Now tell me again. What part of this is "wild?"
Archived in 2022
Originally posted on 16 Dec 2005
The movie Wild Strawberries finally bubbled to the top of my Netflix queue. Judging from the queue company it was keeping, I’m guessing that a couple of years ago (since, you see, my queue is nigh on 500 entries and it takes a while to accumulate that many) I got into a Criterion Collection kick and added a lot of them to the list at once.
This is one of those All-Stars of movies. When movie buffs speak of Wild Strawberries it is often in a hushed tone and the words themselves seem to fall from their lips with a numinous glow. Who could fail to be intrigued?
So, despite the fact that I have sat through a string of subtitled movies lately and have tired, for the moment, of reading my films, I popped the Wild Strawberries disc into the player and settled down with my movie, my dinner and my cat. My cat, however, would like me to point out that it was not necessarily in that order.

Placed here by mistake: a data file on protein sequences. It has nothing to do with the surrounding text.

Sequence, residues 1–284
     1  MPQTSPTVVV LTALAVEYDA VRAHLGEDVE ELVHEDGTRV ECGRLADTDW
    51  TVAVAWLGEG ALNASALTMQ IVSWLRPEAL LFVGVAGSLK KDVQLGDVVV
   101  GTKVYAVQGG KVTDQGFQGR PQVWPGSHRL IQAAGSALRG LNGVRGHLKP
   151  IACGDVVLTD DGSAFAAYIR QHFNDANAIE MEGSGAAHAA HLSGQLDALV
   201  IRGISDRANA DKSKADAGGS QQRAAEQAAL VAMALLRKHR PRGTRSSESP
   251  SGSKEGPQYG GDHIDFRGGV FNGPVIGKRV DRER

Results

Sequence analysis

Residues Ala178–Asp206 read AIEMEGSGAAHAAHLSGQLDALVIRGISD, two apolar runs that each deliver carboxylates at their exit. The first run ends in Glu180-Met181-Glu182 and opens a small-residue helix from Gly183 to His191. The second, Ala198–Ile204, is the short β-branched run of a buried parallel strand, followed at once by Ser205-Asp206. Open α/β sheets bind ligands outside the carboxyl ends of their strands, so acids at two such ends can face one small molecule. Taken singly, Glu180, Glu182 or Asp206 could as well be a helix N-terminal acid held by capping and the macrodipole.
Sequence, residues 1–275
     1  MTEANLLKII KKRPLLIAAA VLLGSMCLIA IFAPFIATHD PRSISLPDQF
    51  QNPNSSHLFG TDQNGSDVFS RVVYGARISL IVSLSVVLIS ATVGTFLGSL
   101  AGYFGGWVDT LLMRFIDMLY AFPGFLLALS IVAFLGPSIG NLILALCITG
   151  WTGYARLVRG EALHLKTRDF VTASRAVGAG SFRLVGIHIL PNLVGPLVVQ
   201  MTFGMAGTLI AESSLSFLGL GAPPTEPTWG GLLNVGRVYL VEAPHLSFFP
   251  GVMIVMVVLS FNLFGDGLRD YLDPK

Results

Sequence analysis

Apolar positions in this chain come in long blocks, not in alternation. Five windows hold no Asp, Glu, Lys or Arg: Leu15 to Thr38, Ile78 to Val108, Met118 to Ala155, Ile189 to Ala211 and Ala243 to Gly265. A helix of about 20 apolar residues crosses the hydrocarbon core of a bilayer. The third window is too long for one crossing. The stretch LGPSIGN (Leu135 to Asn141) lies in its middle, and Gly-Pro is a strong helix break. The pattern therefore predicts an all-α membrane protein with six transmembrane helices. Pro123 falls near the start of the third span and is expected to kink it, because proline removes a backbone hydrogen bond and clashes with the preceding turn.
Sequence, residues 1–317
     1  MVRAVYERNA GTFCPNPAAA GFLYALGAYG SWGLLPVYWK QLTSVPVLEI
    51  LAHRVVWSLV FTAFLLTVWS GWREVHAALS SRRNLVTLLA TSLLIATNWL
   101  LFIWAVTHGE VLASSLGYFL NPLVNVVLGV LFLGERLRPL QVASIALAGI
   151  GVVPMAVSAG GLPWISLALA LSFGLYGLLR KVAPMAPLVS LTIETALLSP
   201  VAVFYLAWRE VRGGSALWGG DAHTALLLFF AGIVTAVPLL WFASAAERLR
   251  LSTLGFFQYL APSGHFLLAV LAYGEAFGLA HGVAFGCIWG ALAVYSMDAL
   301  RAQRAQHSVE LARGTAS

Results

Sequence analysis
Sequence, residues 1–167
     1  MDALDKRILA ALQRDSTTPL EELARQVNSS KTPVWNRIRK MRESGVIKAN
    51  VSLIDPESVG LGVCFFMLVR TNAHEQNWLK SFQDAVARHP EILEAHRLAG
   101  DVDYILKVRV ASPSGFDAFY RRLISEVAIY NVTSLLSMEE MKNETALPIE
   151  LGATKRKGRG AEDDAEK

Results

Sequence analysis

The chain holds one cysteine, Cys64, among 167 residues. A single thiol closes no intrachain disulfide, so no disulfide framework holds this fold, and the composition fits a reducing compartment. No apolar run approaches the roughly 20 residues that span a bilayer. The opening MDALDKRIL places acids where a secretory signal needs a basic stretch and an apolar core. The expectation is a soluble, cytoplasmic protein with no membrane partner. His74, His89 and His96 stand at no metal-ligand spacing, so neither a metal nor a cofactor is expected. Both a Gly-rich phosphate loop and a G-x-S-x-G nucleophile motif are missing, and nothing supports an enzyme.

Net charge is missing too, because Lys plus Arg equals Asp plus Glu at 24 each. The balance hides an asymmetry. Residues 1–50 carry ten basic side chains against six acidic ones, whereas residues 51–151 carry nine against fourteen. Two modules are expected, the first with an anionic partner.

I am sorry to report that I do not see the “Big Deal.” Perhaps in its day this movie was revolutionary and somehow groundbreaking. However to me it resembled little more than a modern-day interpretation of A Christmas Carol. “Cold hearted selfish man experiences hallucinations of an anachronistic form which show him the error of his ways whereupon he takes pity upon strangers and shows affection to his family.”
Perhaps the imagery is somehow striking. Or the camera angles are innovative. I do not know which characteristic(s) recommend this movie to the hall of fame but they apparently escaped me. This does not mean that I dispute the esteem showered upon the film. A great many people with far more knowledge, wisdom and experience than I in the cinematic arts have deemed it a Classic-with-a-capital-C and therefore it truly must be a great movie. I just don’t see it, is all. And it does not bother me in the least to admit this. If I did not “get” Bergman’s creation then perhaps I simply was not part of his intended audience. There is no shame in that. Nor in not being well-steeped in movie lore and craft, to which I also readily admit.
I just didn’t enjoy that 1.5 hours of my life, that’s all.
The one interesting thing that I did take away from the movie is that the Swedish for “Script Girl” is “Script Girl,” according to the opening credits.
And if that is the most that I take away from a movie, you know I could have found a better way to spend my time.